For many pool owners, a heater seems like a luxury. Not only is there the initial expense of the heater itself, but also installation and operation costs to consider. However, without a pool heater, you might find yourself missing out on months of poolside fun every year.
For most homes, a pool heater is well worth the money to regulate your water temperature. The right pool heater allows you to make the most of your swimming pool year-round, even when the weather starts to get chilly. Here, you’re going to see just how much it costs to heat your pool and how to do it efficiently. For data on specific heater models, head to my research on the best pool heater.
The Different Types of Heaters
There are three main types of pool heater that you can choose from that primarily differ in which energy source they use as well as price point and operating costs. Depending on the heater you want, you may end up paying anywhere between $1,000 and $8,500 for a new unit.
|Heater Type||Average Price Range|
|Solar Heater||$2,300 to $9,600|
|Electric Heat Pump||$2,300 to $7,700|
|Electric Resistance Heater||$1,200 to $6,200|
|Gas Heater||$1,300 to $6,300|
|Equipment||$1,800 to $8,100|
|Labor||$500 to $1,500|
|Total||$2,300 to $9,600|
Solar heaters have a higher initial cost than other types of heaters, but for many pool owners, it ends up paying for themselves over time. Solar heaters convert energy from the sun into heat for your pool using solar panels, all without costing you a dime. Find out more about the cost of a solar pool heater in my cost breakdown article as well. They’re also environmentally friendly, low maintenance, and typically hold up around 25 to 30 years.
Solar heaters tend to warm the water slowly more slowly than other options, at a rate of about one to three degrees per minute. They also require light year-round and won’t work well if they aren’t directly facing the sun. They are also a great option for above ground pools; check out my article on how to heat an above ground pool for more information.
- Free to operate
- Eco-friendly and energy-efficient
- Don’t require much maintenance
- Last up to 30 years
- High installation costs
- Heats the water more slowly than other options
- Require light year-round
- Panels don’t work well when facing north
Electric Heat Pumps
|Equipment||$1,800 to $6,700|
|Labor||$500 to $1,000|
|Total||$2,300 to $7,700|
Heat pumps use a 220V electrical line and at least a 40 amp breaker to convert energy into heat. They’re relatively expensive to purchase, but don’t cost much to operate. Most heat pumps have a green, energy-efficient design that keeps both energy usage and emissions low.
Electric heat pumps are ideal for those who use their pool daily. If you prefer only to heat the water occasionally, though, a heat pump might not be the right choice for you. They heat the water very slowly, especially when it’s cold outside.
- Clean, green option
- Energy efficient
- Relatively low operating costs
- Fairly expensive installation
- Heats water slowly in cold temperatures
Electric Resistance Heater
|Unit||$700 to $5,200|
|Labor||$500 to $1,000|
|Total||$1,200 to $6,200|
Though this type of heater also runs on electricity, it warms water through a different mechanism than heat pumps. Instead of relying on heat from the surrounding air, this type of pump passes water directly over a heating unit.
Electric resistance heaters function well independent of temperature, making them a good choice for cold climates. However, the design is fairly inefficient and costly to run. It’s also a huge drain on your daily energy consumption.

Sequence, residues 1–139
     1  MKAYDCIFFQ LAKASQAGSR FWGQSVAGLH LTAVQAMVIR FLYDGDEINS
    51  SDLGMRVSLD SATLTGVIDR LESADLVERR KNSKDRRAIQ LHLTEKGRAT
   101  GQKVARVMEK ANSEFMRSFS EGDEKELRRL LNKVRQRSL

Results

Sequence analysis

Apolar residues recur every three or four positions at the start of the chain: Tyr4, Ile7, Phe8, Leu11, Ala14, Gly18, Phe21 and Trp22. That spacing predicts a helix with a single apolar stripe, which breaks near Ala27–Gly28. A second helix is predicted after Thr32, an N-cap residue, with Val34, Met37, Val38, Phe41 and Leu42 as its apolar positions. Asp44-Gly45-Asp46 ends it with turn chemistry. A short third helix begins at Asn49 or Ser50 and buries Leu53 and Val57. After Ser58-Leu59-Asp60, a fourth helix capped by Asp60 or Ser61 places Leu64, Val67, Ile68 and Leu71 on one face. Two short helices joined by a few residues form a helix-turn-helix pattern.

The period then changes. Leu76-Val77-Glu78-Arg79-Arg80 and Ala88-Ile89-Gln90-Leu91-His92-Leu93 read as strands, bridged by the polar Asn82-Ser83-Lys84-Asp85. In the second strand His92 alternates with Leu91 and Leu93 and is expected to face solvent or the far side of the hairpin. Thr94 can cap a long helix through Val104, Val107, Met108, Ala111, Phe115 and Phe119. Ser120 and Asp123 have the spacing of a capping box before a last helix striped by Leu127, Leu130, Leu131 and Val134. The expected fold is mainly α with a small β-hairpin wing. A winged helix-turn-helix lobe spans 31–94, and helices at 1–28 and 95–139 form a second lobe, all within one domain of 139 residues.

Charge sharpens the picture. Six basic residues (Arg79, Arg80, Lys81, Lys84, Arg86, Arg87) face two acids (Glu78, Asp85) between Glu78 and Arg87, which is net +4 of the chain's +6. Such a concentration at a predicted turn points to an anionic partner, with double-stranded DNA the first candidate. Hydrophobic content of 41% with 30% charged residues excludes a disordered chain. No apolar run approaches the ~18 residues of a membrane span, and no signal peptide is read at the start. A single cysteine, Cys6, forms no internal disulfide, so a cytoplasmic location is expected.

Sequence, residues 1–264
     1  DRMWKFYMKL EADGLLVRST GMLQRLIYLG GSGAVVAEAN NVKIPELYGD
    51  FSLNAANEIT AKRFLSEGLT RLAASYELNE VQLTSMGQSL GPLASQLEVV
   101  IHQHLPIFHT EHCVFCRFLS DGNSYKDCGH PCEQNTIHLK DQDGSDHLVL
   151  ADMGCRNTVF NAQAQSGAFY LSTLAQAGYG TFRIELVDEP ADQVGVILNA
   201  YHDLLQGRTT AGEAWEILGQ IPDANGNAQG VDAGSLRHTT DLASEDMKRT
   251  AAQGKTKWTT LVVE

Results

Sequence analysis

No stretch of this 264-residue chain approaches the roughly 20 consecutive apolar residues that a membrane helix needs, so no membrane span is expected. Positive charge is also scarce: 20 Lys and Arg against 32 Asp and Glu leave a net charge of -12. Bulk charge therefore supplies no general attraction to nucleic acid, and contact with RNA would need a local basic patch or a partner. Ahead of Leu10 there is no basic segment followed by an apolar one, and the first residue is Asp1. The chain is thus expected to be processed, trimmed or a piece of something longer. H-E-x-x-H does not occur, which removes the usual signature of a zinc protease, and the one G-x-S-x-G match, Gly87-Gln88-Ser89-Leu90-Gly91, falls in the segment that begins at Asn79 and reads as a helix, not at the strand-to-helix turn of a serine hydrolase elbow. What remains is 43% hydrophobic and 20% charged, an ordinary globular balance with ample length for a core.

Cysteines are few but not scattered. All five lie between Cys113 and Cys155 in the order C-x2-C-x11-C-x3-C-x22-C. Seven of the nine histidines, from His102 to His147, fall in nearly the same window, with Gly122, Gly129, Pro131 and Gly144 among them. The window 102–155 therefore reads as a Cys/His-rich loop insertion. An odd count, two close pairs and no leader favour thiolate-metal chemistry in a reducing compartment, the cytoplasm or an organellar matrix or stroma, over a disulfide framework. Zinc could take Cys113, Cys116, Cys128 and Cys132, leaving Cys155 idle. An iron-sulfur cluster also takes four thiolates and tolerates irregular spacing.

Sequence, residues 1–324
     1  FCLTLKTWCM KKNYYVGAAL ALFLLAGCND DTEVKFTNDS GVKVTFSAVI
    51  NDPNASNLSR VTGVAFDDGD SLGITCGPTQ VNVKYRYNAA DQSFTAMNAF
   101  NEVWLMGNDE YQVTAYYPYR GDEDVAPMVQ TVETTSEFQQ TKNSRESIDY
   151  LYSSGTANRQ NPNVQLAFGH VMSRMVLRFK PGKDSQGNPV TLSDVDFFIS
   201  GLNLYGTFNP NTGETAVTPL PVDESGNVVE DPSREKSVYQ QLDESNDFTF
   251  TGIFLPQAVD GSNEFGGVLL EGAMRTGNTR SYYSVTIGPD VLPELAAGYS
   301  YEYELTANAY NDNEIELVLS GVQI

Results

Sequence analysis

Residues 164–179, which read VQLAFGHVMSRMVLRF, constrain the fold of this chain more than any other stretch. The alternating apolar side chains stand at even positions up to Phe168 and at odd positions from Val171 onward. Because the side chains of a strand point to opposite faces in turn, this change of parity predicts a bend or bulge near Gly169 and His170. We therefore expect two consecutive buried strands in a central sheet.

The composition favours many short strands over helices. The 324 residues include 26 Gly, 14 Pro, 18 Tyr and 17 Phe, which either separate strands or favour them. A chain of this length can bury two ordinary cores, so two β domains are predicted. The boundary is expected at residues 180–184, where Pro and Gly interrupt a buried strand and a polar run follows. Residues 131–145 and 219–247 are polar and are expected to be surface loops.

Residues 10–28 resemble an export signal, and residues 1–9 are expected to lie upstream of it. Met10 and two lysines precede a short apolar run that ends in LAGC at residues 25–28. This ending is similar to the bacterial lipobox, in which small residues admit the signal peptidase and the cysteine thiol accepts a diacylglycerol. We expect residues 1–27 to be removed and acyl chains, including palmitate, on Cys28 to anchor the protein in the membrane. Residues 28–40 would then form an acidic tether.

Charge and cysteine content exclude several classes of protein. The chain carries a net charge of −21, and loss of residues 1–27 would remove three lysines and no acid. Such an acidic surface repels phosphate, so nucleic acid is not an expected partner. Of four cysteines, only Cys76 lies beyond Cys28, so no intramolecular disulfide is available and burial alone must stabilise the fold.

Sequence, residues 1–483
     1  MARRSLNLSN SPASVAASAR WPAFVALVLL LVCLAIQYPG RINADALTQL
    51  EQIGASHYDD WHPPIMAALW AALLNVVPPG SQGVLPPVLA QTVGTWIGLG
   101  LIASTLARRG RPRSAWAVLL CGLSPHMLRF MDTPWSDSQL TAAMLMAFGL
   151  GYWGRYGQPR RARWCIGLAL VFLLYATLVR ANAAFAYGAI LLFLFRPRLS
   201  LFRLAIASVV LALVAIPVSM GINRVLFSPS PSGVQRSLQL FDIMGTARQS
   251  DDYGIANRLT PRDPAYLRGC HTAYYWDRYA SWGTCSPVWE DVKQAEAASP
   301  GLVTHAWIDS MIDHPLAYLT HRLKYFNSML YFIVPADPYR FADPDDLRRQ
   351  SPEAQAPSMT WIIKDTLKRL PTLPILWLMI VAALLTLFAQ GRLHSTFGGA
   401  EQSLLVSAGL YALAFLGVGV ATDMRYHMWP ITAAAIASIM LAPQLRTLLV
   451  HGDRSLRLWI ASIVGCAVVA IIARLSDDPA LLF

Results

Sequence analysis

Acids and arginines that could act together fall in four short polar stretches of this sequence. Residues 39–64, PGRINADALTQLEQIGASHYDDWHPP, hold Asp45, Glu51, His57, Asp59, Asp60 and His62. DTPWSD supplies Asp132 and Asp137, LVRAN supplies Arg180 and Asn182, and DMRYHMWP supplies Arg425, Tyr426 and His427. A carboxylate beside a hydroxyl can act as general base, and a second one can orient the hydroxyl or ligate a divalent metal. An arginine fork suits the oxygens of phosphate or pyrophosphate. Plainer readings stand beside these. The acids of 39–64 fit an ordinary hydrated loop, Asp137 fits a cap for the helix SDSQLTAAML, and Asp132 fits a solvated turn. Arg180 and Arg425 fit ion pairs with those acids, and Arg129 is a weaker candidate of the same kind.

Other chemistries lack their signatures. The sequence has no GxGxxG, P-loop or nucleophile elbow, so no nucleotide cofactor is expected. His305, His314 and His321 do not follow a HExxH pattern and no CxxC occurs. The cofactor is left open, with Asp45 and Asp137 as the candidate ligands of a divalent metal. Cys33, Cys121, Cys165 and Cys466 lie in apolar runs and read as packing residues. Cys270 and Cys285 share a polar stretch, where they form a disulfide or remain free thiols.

- Produce clean energy
- Works well in both warm and cold climates
- Low initial cost
- Inefficient design
- Costs more than other options to operate
Propane and Gas Heaters
|Unit||$800 to $4,800|
|Labor||$500 to $1,500|
|Total||$1,300 to $6,300|
Propane and gas pool heaters are a popular choice for homeowners because they’re fairly cheap to install and heat the water quickly. They make a good choice for those who only swim occasionally and want the option to heat and cool their pool as needed, as propane offers complete control over temperature.
While propane heaters might be cheaper upfront, it’s important to keep in mind that they cost more to operate than other options. Propane also poses more of a potential danger to your household than other energy sources if misused.
- Fairly cheap to install
- Heats the water quickly
- Offers precise control over temperature
- Expensive to operate
- More hazardous than other options
Check out my full comparison of electric vs. gas pool heaters for more similarities and differences and which you should choose. I also wrote a guide on how pool heaters work if you’re curious about the specific mechanisms of each heater type.
Cost Considerations When Installing a New Pool Heater
Once you find the right pool heater for your pool, there are still installation costs to consider. You have to get your pool prepared, from removing old pool heating equipment to installing new hookups.
Removing Your Old Pool Heater
If you already have a heater in your pool, you’re going to have to remove it before installing a new one. The cost of removing an old pool heater will average around $25 to $50 depending on the type of heater you have and how it fits into your pool setup. If you hire a professional, most will simply include removal in the overall installation cost. If you don’t know whether or not you need a new one, read my guide on how long pool heaters last.
If you don’t already have existing utility hookups attached to your pool, you’ll have to add some before installing your heater. Gas, propane, and electric heaters all require specialized utility lines to work, while solar heaters need to connect to functioning panels.